Storage Execs: Vendors Must Simplify Technologies

 
 
By Graeme Thickins  |  Posted 2004-03-10
 
 
 

Storage Execs: Vendors Must Simplify Technologies


MONTEREY, Calif.—Storage industry executives on Monday converged here for Network Storage 2004, a two-day conference focusing on new architectural trends in enterprise storage. The event covered hot topics in utility computing, information management and archive, and iSCSI-based SANs.

The changing landscape in the wider computing industry was also mirrored in storage technology, according to panelists. While vendors now offer faster and more robust storage to address performance needs, they also seek ways to reduce the complexity of storage area networks and archive solutions, executives said.

According to Garth Gibson, CTO of Panasas Inc. of San Jose, Calif., the rising popularity of Linux-based clustered computing is demanding a new storage architecture: object storage. Gibson, one of the Berkeley originators of RAID technology, said he has been working on the object-based storage concept since 1995. He said theres a "flow down from [High Performance Computing] to you and me."

Linux clusters are a byproduct of "supercomputing moving to mainstream." Gibson said his object storage technology works, having tested it with hundreds of devices. "We just need to find a way to cross the chasm. Linux clusters have [crossed over]—object storage is still early," he said.

Meanwhile, Clod Barrera, director of systems strategy for IBM Corp.s Storage Systems Division, spoke of how storage area networks (SANs) are still complex "and each vendor does their own thing."

Barrera cited continuing interoperability problems with SANs, but pointed to the recent "interesting" work by the Storage Networking Industry Association on the Storage Management Initiative Specification (SMI-S). He offered that "SAN and NAS aggregation is alive and well."

He also gave attendees a view of the companys on-demand model, a k a utility computing. On demand computing is a "business notion, not a technical one," he said, adding that "the storage guys have a year or two to figure this out."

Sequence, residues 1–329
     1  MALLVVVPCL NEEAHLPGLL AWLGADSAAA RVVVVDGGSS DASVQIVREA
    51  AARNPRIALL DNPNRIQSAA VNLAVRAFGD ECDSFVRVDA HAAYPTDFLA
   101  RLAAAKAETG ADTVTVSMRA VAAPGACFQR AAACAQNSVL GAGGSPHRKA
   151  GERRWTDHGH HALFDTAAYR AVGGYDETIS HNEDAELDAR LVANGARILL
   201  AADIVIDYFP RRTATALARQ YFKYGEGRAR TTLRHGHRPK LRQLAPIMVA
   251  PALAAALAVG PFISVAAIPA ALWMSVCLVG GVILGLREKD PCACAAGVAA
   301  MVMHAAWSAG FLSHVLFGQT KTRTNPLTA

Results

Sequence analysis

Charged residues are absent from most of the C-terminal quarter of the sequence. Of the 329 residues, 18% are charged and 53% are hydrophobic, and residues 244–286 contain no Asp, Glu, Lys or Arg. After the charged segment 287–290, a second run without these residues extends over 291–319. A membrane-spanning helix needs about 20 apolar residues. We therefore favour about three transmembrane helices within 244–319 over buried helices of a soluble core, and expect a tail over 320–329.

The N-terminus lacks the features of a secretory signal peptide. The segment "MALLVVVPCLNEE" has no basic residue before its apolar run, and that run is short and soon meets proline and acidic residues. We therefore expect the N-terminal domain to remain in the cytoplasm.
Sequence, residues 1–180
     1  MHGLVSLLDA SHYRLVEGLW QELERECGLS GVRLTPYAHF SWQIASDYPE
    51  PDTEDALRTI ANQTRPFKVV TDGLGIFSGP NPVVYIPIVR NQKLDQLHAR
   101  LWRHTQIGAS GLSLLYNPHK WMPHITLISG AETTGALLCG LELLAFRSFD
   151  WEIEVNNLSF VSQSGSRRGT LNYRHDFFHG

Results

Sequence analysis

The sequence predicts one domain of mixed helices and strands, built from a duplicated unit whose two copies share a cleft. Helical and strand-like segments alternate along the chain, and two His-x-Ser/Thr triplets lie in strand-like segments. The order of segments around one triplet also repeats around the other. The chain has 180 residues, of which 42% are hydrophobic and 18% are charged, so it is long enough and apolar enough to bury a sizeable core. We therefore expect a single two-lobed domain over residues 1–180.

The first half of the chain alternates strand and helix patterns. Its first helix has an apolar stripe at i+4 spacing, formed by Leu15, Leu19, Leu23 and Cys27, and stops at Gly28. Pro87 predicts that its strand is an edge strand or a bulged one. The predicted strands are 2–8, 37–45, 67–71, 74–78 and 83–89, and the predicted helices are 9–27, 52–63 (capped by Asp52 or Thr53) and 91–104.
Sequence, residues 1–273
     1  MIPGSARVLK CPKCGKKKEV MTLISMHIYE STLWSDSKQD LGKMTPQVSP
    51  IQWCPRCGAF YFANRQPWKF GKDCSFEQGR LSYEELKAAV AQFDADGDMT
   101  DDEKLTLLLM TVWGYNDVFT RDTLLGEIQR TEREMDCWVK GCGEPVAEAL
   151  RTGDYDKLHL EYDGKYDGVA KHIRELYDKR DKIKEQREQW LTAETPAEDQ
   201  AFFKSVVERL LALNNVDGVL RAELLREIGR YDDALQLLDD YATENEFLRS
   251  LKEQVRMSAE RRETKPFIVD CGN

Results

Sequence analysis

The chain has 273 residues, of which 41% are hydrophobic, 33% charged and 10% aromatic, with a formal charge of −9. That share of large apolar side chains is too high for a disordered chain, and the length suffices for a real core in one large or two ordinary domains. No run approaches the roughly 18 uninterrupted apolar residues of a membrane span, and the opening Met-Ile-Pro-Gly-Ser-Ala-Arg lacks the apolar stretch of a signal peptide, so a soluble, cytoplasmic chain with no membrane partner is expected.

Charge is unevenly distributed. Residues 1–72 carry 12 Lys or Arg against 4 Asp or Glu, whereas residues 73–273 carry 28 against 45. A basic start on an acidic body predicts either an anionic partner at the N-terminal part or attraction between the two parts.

Here are a few highlights from the panel discussions and talks presented on Monday:

  • The term "information lifecycle management" (ILM) is gaining traction in the market but that may not necessarily be a good thing for customers and vendors, noted George Symons, CTO of Legato Software, a Mountain View, Calif.-based division of EMC Corp. He said "[ILM] is overused —its not a product, but a process for managing data."

    According to Symons, companies have been doing ILM for years, "just not well" and that "we need to look at it from an application-centric view." Commenting on the path to ILM, he said "we wont get there this year from a software perspective."

    He said that storage was becoming overly complex and that customers increasingly will need help planning and architecting their storage environments. However, Symons warned that there arent a lot of services companies to help customers with that task. "We have to be careful," he said.

    Next Page: More on iSCSI, Utility Computing and ILM

    More on iSCSI, Utility


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  • Claude Lorenson, Microsoft Corp.s technical product manager for storage technologies, said that customers are still driven to reduce total cost of ownership.

    Lorenson noted that 43 percent of all servers today are in environments of 15 servers or less, and the company will address this market. Several key storage initiatives at Microsoft will be aimed at "driving SAN adoption in the mid-market, both Fibre Channel and iSCSI," he said.

    Ease of use is critical for this market, Lorenson observed, adding that "were not quite there yet."

    Lorenson also said that new storage solutions will be coming from the Redmond, Wash., software maker "in the next quarter or two."